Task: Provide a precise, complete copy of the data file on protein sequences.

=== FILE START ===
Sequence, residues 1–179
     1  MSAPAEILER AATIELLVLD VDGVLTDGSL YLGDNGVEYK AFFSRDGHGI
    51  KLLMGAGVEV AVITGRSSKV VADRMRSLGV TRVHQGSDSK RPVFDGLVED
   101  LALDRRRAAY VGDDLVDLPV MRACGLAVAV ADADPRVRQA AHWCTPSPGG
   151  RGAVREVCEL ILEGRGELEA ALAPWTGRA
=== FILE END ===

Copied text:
Sequence, residues 1–179
     1  MSAPAEILER AATIELLVLD VDGVLTDGSL YLGDNGVEYK AFFSRDGHGI
    51  KLLMGAGVEV AVITGRSSKV VADRMRSLGV TRVHQGSDSK RPVFDGLVED
   101  LALDRRRAAY VGDDLVDLPV MRACGLAVAV ADADPRVRQA AHWCTPSPGG
   151  RGAVREVCEL ILEGRGELEA ALAPWTGRA